School Meals Expansion story

AP News | Posted on May 23, 2019

In a story May 16 about school meals programs in Oregon, The Associated Press reported erroneously the number of public school students in Oregon. There are about 580,000 students, not 400,000. A corrected version of the story is below:Oregon OKs largest expansion of federal free lunch program. Oregon is spending $40 million to dramatically expand the federal free breakfast and lunch program, ensuring that more than 60 percent of its 58,000 public school students will be included, the only statewide effort in the country

Opportunity Zones Skip Over Hard-Hit Rural Places

Nonprofit Quarterly  | Posted on May 23, 2019

Shelterforce is right on the money in their article, “Pushing Opportunity Zones to Fulfill Their Promise.” The piece urges urban leaders across the country to set guiding principles to make sure this new tax incentive, called the “most significant community development program to pass in a generation,” leads to equitable development and not displacement of low-income residents and people of color.

Colorado to reward companies for hiring remote workers in state’s far-flung areas

Denver Post | Posted on May 23, 2019

Companies have relocated thousand of jobs to Colorado since the Great Recession, many drawn by the state’s job growth incentive tax credit program (JGITC), which provides a state tax credit based on payroll taxes paid. But most of those positions have landed in metro Denver or now and then in nearby cities like Fort Collins or Colorado Springs. That Front Range concentration has frustrated economic development officials to no end. The Hickenlooper administration rolled out even more targeted and generous incentive programs to convince employers to go rural.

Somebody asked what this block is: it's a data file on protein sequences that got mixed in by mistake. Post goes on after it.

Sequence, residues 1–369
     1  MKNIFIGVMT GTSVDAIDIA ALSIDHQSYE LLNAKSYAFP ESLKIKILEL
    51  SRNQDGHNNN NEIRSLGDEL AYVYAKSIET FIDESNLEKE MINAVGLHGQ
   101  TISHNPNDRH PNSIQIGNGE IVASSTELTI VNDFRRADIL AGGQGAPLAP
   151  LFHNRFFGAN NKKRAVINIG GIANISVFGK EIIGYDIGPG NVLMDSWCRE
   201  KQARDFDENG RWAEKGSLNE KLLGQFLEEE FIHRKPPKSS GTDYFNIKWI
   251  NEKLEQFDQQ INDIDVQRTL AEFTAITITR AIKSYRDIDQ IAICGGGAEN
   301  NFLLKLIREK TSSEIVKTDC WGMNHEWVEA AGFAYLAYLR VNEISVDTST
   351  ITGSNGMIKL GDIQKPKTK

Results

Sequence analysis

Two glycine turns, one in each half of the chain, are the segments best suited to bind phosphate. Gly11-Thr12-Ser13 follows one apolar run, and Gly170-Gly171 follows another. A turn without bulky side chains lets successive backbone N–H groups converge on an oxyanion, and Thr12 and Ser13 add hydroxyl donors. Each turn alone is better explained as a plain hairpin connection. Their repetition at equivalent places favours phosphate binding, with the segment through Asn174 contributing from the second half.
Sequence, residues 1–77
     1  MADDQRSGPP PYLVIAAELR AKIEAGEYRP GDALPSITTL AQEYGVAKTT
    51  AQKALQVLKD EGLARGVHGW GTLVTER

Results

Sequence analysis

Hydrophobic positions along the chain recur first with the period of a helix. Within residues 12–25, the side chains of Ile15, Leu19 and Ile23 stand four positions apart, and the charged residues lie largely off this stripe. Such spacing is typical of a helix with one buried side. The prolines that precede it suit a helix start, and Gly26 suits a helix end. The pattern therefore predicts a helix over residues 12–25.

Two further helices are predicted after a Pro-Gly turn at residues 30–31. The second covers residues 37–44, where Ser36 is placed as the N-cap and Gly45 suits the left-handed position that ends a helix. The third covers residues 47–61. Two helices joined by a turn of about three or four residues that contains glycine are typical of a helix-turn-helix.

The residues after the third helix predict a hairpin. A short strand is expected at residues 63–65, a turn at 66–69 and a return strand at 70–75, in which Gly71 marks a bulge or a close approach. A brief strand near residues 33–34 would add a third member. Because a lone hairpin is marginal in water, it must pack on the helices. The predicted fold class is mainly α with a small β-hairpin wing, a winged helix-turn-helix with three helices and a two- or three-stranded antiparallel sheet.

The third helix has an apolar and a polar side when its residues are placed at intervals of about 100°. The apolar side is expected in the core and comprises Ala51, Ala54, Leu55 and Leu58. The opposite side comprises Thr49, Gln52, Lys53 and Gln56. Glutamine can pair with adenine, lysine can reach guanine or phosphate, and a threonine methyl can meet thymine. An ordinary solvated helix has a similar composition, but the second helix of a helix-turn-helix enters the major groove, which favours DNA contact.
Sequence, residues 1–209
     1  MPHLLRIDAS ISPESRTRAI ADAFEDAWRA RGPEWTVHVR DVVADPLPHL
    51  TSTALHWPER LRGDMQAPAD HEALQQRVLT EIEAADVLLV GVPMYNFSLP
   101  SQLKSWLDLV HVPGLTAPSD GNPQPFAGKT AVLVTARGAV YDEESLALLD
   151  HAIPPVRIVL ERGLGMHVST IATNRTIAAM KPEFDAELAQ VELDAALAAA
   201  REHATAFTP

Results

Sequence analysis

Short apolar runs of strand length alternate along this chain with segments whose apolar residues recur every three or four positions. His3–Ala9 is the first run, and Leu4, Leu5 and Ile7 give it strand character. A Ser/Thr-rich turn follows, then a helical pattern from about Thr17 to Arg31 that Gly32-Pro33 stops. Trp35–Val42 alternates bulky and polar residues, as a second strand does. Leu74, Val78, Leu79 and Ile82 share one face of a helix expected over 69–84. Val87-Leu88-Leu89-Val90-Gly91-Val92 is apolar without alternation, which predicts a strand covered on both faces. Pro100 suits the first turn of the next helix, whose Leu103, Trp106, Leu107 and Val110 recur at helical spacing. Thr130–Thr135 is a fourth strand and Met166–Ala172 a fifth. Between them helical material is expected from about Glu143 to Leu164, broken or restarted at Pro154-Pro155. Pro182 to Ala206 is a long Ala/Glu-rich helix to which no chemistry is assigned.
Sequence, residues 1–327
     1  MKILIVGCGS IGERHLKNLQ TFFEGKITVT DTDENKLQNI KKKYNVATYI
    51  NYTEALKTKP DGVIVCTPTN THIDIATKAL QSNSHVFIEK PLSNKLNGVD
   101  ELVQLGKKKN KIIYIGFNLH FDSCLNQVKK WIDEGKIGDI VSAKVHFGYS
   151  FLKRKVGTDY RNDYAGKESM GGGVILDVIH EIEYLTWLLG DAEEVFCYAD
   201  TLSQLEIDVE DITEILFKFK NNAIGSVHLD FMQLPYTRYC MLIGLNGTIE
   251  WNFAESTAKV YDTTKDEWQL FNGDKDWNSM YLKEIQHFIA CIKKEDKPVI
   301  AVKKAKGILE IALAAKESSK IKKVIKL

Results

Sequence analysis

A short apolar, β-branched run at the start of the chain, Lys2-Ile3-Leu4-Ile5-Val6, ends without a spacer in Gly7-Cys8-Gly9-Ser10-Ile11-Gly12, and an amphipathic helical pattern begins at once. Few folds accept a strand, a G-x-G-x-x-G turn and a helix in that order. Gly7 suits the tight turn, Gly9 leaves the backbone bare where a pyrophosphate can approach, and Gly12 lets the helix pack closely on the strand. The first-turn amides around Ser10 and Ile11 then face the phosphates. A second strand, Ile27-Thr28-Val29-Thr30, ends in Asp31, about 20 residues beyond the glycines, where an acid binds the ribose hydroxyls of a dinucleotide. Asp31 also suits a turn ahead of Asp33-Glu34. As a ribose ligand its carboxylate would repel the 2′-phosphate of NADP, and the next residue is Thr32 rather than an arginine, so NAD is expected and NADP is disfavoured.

Energy News

Maryland 50% renewable by 2030, but republican governor wants more

electrek | Posted on May 23, 2019

Maryland’s bill mandating 50% renewable energy by 2030 is set to become law on Friday. The bill will do so without the signature of Republican Gov. Larry Hogan. Why won’t Hogan sign the bill? It’s probably not what you think. Like a number of critics, Maryland’s GOP governor doesn’t believe the bill does enough to combat climate change, and it gives no guarantees of Maryland jobs.

Ohio House Republicans overhaul ‘clean-energy’ bill to focus on nuclear, coal subsidies

Cleveland.com | Posted on May 23, 2019

Ohio House Republicans on Wednesday dramatically transformed a controversial “clean-energy” subsidy bill, turning it into a bailout plan for both nuclear and coal power plants owned by Ohio companies. The changes to House Bill 6, made by the House Energy and Natural Resources Committee, would also end Ohio’s much-disputed renewable-energy and energy-efficiency mandates for utilities after this year, which cost residential electricity users an average of about $4.60 per month.

Indiana utilities are in midst of identity crisis as customers take power into own hands

Indy Star | Posted on May 23, 2019

The changes came slowly, then seemingly all at once. Next door, your neighbor installed solar panels. You started seeing more and more electric vehicles. When you drove north on I-65, you hit a patch of farmland dotted with large windmills.

Renewable Fuel Standard Saves Consumers 22 Cents on Every Gallon of Gas

Hoosier Ag Today  | Posted on May 23, 2019

The Renewable Fuel Standard (RFS) has lowered gas prices by an average of 22 cents per gallon in recent years and saved the typical American household $250 annually, according to a study published by economist and energy policy expert Dr. Philip K.